President Biden has promised an all hands on deck approach to tackling climate change, which he has described as an existential threat. To start, he created two new positions in the National Security Agency with an exclusive focus on climate at home and abroad. He has asked the National Intelligence, Defense and Treasury agency directors to add ecology to their portfolios. Finally, Biden took swift action during his first weeks in office to rejoin the Paris Climate Accord, revoke the permit for construction of the Keystone XL pipeline and order a review of hundreds of executive orders thought to be harmful to the environment.
Will these steps make progress toward slowing down climate change? Will a deeply divided Congress be able to act decisively to take the necessary steps, along with the rest of the world, to slow, stop or reverse our course?
The Washington Post audio producer Arjun Singh moderates a discussion on the promises and obstacles to achieving Biden’s Climate Agenda with Rachel Cleetus, Union of Concerned Scientists; Michél Legendre, Corporate Accountability; and Sririam Madhusoodanan, US Climate Campaign.
Presented by the Suffolk University Department of Political Science & Legal Studies, in collaboration with the Ford Hall Forum at Suffolk University and hosted by GBH’s Forum Network.
Read Rachel Cleetus’s, “A Biden Presidency Means a New Day in the Fight for Climate Action.”
Learn what Rachel Cleetus thinks is next after rejoining the Paris Agreement, here.
See research on the compound climate risks of the pandemic, here.
Read the Union of Concerned Scientists’s, “Underwater: Rising Seas, Chronic Floods, and the Implications for US Coastal Real Estate.”
BIO: Rachel Cleetus
Rachel Cleetus is the policy director with the Climate and Energy program at the Union of Concerned Scientists. She leads the program’s efforts in designing effective and equitable policies to address climate change, and advocating for their implementation.
Dr. Cleetus is an expert in policies to promote clean energy and drive deep cuts in heat-trapping emissions from the power sector, including carbon pricing and complementary sector-based policies. She also does research on the risks and costs of climate impacts and is an expert on policies to promote climate resilience. She has co-authored numerous reports and articles including the recent UCS reports Underwater: Rising Seas, Chronic Floods, and the Implications for US Coastal Real Estate; Surviving and Thriving in the Face of Rising Seas Building Resilience for Communities on the Front Lines of Climate Change; and The US Power Sector in a Net Zero World: Analyzing pathways for deep carbon reductions.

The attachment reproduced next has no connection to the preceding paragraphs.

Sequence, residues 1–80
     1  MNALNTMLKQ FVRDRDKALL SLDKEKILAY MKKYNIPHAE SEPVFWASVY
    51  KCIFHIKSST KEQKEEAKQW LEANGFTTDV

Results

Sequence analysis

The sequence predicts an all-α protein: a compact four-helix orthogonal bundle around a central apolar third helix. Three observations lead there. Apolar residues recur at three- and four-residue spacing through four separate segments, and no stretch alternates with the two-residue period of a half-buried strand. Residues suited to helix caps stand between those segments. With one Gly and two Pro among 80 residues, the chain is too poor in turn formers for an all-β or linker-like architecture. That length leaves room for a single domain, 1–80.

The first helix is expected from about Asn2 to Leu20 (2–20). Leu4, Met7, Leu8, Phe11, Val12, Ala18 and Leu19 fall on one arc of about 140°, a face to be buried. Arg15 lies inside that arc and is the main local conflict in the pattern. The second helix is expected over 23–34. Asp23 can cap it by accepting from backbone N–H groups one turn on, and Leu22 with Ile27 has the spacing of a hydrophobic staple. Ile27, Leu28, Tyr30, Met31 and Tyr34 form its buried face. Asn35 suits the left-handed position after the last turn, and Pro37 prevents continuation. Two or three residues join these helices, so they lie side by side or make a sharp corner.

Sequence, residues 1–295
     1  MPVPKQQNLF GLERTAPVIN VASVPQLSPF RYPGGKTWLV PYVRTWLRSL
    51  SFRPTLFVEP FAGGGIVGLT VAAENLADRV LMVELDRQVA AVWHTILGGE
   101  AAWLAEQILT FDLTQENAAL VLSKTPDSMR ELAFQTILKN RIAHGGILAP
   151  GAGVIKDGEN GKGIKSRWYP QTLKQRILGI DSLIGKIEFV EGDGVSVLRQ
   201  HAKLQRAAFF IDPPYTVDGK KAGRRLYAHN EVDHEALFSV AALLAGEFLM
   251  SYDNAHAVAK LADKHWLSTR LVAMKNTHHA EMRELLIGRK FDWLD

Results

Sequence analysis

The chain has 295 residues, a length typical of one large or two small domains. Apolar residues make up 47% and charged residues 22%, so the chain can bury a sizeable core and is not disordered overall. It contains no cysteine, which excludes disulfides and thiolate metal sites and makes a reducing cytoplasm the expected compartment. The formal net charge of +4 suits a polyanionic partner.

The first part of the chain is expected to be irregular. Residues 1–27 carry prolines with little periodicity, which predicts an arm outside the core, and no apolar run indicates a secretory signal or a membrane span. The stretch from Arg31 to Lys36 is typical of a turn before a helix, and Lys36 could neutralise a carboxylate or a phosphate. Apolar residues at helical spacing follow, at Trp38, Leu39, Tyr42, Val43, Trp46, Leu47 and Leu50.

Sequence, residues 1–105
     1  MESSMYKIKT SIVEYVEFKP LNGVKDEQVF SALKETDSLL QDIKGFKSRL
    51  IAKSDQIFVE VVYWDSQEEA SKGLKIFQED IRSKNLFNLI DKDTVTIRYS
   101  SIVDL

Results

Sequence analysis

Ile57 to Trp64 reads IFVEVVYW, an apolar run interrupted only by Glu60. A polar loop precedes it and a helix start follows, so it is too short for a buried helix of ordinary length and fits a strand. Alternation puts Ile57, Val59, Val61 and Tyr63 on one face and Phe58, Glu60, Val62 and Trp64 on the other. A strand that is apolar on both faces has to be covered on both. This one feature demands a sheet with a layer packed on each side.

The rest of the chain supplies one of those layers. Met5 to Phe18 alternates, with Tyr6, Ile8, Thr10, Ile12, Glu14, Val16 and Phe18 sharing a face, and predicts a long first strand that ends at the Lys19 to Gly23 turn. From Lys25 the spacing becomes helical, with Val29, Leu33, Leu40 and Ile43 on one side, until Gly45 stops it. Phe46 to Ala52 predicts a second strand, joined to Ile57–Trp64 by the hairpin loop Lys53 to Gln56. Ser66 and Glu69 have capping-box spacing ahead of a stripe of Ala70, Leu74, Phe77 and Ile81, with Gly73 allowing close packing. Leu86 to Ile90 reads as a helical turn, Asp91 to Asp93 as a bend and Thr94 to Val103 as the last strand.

Prior to joining UCS, she worked as a consultant for the World Wildlife Fund, conducting policy-focused research on the links between sustainable development, trade, and ecosystems in Asia and Africa. She also worked for Tellus Institute in the energy and environment program.
BIO: Michél Legendre
Michél Legendre is the Associate Campaign Director at Corporate Accountability, where he serves on the tobacco campaign. In this role, he helps direct the work to monitor, expose, and challenges the tobacco industry towards long-term and lasting impact.
Prior to taking on this role, Michél coordinated the Action League at Corporate Accountability, as well as serving as the executive assistant to the development director.
Michél has a bachelor’s degree in political science from Emmanuel College. He has also twice hiked the Samariá Gorge in Greece.
BIO: Sririam Madhusoodanan
Sririam Madhusoodanan is the Deputy Campaigns Director at Corporate Accountability.
His first exposure to corporate power came as a college student when he learned about the military-industrial complex through documentaries like Iraq for Sale, which exposed the rampant abuses and profiteering of defense contractors and their government cronies at the expense of people’s lives in Iraq and the United States. After graduating, Sriram brought his growing desire to challenge corporate power as a Green Corps organizer, where, in 2011 he worked on Corporate Accountability’s food campaign to expose McDonald’s health-washing tactics in collaboration with health professionals.
Today, he ensures the food and climate campaigns are driving toward impact. He is a Robert Wood Johnson Foundation 2016 Culture of Health Leader. And as the son of immigrants, he became an avid traveler as a young person: Before turning 18, he lived in eight cities across four countries and three continents.
BIO: Arjun Singh
Arjun Singh joined the Washington Post in 2020, as an audio producer focused on politics.
Before joining the Post, Singh worked at the NPR affiliate WGBH in Boston, where he produced the show “Boston Public Radio,” and reported on politics. At WGBH, Singh reported on the 2020 Democratic presidential primaries, produced the first debate between Senator Ed Markey and Representative Joe Kennedy during the 2020 Massachusetts Senate race, and has written articles about state and local politics in Massachusetts and Boston.